FR Doc E5-7886
[Federal Register: December 28, 2005 (Volume 70, Number 248)]
[Notices]               
[Page 76864-76865]
From the Federal Register Online via GPO Access [wais.access.gpo.gov]
[DOCID:fr28de05-141]                         

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DEPARTMENT OF THE INTERIOR

National Park Service

Notice of Inventory Completion: Sam Noble Oklahoma Museum of 
Natural History, University of Oklahoma, Norman, OK

AGENCY: National Park Service, Interior.

ACTION: Notice.

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    Notice is here given in accordance with the Native American Graves 
Protection and Repatriation Act (NAGPRA), 25 U.S.C. 3003, of the 
completion of an inventory of human remains in the possession of the 
Sam Noble Oklahoma Museum of Natural History, University of Oklahoma, 
Norman, OK. The human remains were removed from Crittendon, 
Mississippi, and Poinsett Counties, AR.
    This notice is published as part of the National Park Service's 
administrative responsibilities under NAGPRA, 25 U.S.C. 3003(d)(3). The 
determinations in this notice are the sole responsibility of the 
museum, institution, or Federal agency that has control of the Native 
American human remains. The National Park Service is not responsible 
for the determinations in this notice.
    A detailed assessment of the human remains was made by the Sam 
Noble Oklahoma Museum of Natural History and Oklahoma State 
Archeologist professional staff in consultation with representatives of 
the Quapaw Tribe of Indians, Oklahoma.
    In 1933, human remains representing a minimum of two individuals 
were removed from Cummin's Place, also called Cumming's Place 
(Arkansas-7/130 and 7/131), in Poinsett County, AR, by Frank Newkumet. 
Mr. Newkumet loaned the human remains to the Oklahoma Museum of Natural 
History (now the Sam Noble Oklahoma Museum of Natural History) from 
1933 until 1947. The museum purchased the collection from Mr. Newkumet 
in 1947. No known individuals were identified. No associated funerary 
objects are present. A deer bone found with the human remains at 
Arkansas-7/130 was not located during the inventory process.
    In 1933, human remains representing a minimum of two individuals 
were removed from Upper Nodena Place (Arkansas-7/137 and 7/138) in 
Mississippi County, AR, by Frank Newkumet. Mr. Newkumet loaned the 
human remains to the Oklahoma Museum of Natural History from 1933 until 
1947. The museum purchased the collection from Mr. Newkumet in 1947. No 
known individuals were identified.

[[Page 76865]]

No associated funerary objects are present.
    In 1959, human remains representing a minimum of three individuals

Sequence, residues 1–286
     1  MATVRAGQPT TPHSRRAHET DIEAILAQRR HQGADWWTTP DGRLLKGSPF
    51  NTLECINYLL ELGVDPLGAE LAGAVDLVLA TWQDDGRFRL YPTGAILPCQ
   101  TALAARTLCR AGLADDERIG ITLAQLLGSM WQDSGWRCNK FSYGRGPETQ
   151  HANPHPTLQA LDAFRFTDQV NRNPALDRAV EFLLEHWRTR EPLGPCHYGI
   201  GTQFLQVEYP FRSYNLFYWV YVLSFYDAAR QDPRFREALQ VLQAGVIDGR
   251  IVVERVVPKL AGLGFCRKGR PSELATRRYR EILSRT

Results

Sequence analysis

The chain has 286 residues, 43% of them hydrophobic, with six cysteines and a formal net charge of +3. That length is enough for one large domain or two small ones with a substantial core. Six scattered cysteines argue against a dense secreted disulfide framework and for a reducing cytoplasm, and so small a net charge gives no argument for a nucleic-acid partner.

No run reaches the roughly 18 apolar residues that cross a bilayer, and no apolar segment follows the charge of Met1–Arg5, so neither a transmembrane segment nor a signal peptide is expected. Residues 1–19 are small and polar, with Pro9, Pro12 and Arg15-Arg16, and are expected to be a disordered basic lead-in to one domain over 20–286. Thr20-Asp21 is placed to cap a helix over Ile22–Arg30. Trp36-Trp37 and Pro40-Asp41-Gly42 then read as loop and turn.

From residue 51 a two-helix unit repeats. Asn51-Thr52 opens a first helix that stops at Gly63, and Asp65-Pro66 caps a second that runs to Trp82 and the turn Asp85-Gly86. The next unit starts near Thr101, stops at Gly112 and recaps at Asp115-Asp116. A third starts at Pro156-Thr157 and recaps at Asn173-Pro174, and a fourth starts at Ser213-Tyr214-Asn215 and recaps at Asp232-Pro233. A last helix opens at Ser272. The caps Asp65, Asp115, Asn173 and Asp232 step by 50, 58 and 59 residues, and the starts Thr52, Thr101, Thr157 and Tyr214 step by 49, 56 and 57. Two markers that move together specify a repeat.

were removed from the Banks site (Arkansas-31A) in Crittendon County, 
AR, by Greg Perino. Mr. Perino donated the human remains to the 
Oklahoma Museum of Natural History later that same year. No known 
individuals were identified. No associated funerary objects are 
present.
    Diagnostic artifacts found at the Cummin's Place, Upper Nodena 
Place, and Banks sites indicate that the human remains are Native 
American and were probably buried during the Parkin phase of the 
Mississippian nucleation horizon (A.D. 1350-1650). The Parkin phase is 
characterized by Nodena leaf-shaped arrow points, Madison arrow points, 
pipe drills, chisels, adzes, use of basalt, conch shell beads, mushroom 
shaped beads, ear plugs, copper disks, discoidals, catlinite pipes, 
Parkin punctate and Barton incised pottery, Mississippian Plain 
pottery, effigy forms such as, head pots, compound vessels, and 
occasionally red and white Nodena ware. Although many of these types of 
artifacts were found at the sites, none of the artifacts besides the 
missing deer bone are considered associated funerary objects because 
they were not found in a burial context nor is there any other 
information that attests to their being from a burial context. Many of 
the Parkin phase artifact traits continued to be practiced by people 
later identified as Quapaw. European documentation concerning the 
geographical range of the Quapaw people supports their presence in the 
northeastern part of Arkansas. Present-day descendants of the Quapaw 
people are members of the Quapaw Tribe of Indians, Oklahoma.
    Officials of the Sam Noble Oklahoma Museum of Natural History have 
determined that, pursuant to 25 U.S.C. 3001 (9-10), the human remains 
described above represent the physical remains of seven individuals of 
Native American ancestry. Officials of the Sam Noble Oklahoma Museum of 
Natural History also have determined that, pursuant to 25 U.S.C. 3001 
(2), there is a relationship of shared group identity that can be 
reasonably traced between the Native American human remains and the 
Quapaw Tribe of Indians, Oklahoma.
    Representatives of any other Indian tribe that believes itself to 
be culturally affiliated with the human remains should contact Dr. 
Ellen Censky, Director, Sam Noble Oklahoma Museum of Natural History, 
University of Oklahoma, 2401 Chautauqua, Norman, OK 73072, telephone 
(405) 325-4712, before January 27, 2006. Repatriation of the human 
remains to the Quapaw Tribe of Indians, Oklahoma may proceed after that 
date if no additional claimants come forward.
    Sam Noble Oklahoma Museum of Natural History is responsible for 
notifying the Quapaw Tribe of Indians, Oklahoma that this notice has 
been published.

    Dated: December 3, 2005.
Sherry Hutt,
Manager, National NAGPRA Program.
[FR Doc. E5-7886 Filed 12-27-05; 8:45 am]

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